Family, friends, and former colleagues of Don Zuckert ’56 gathered in Old Greenwich, Conn., on Friday to say farewell and to remember a man who served the College and the arts at Bowdoin for more than four decades. President Barry Mills remembered Zuckert—who passed away Sunday, October 13, at the age of 79—as a “dear friend” who “did everything for Bowdoin.”
Good afternoon. I am honored to speak to you today as the president of Bowdoin College. And, I am personally honored because I also have the opportunity to reflect on my good friend Don in my own personal way.
Don loved Bowdoin College and Bowdoin College loved Don. And, it is especially difficult for me to stand before you today because of the depth of the personal loss I feel now that my dear friend Don has passed away.
Don was a trusted advisor and good friend to more than one president of Bowdoin College. Last week at Bowdoin, we dedicated a new studio arts and dance center named to recognize President Emeritus Robert Edwards and Blythe Edwards. The guest list was created by Bob and Blythe, and Don and Sue were at the top of their list. We talked about Don at dinner that night and noted that the evening was just a bit more sedate because Don and Sue weren’t among us.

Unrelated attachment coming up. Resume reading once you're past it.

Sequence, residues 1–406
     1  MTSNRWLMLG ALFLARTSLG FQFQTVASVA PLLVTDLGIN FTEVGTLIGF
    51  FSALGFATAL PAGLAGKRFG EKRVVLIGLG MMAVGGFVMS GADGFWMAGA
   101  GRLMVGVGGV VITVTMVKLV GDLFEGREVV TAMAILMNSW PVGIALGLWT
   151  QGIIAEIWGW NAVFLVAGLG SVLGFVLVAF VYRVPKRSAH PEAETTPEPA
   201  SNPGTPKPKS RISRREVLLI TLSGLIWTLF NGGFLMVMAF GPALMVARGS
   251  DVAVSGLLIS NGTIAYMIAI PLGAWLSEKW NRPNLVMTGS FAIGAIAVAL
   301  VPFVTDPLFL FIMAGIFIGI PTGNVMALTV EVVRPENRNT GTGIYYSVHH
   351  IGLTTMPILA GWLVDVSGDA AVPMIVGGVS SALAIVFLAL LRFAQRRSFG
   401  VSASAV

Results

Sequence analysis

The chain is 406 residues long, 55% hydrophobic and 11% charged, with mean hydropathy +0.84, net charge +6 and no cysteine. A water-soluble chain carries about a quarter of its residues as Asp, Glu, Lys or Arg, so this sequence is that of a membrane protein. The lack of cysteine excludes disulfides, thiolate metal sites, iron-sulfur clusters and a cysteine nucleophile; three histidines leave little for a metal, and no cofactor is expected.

Don was a citizen of our College—a person of influence and authority who was well liked, loved, and deeply respected by his fellow trustees, by students and faculty, and by our staff.
I have spent all week talking and remembering Don with others. J. Crandall and I talked about the Bowdoin trustee meetings of the 90’s, when what happened in Brunswick stayed in Brunswick. Ellen Shuman and I shared our deep sense of loss for a man who inspired both of us. Professor Mark Wethli and I remembered Don’s profound impact on the College and the arts. Professor Trisha Welsch stopped me yesterday crossing Bath Road to talk about Don. Rick Disch, the person from Bowdoin Dining who manages our trustee dinners in Main Lounge, talked with me about how much fun he had with Don at some of those events (that is, when Don wasn’t out at Cook’s Lobster House playing hooky with Barry Wish!). And with some members of the Class of 2003, we joked about how at Commencement, Don introduced the governor of Maine, John Baldacci, as John Balducci—not once, but three times. Don was the ad guy and he couldn’t get the brand name out of his head.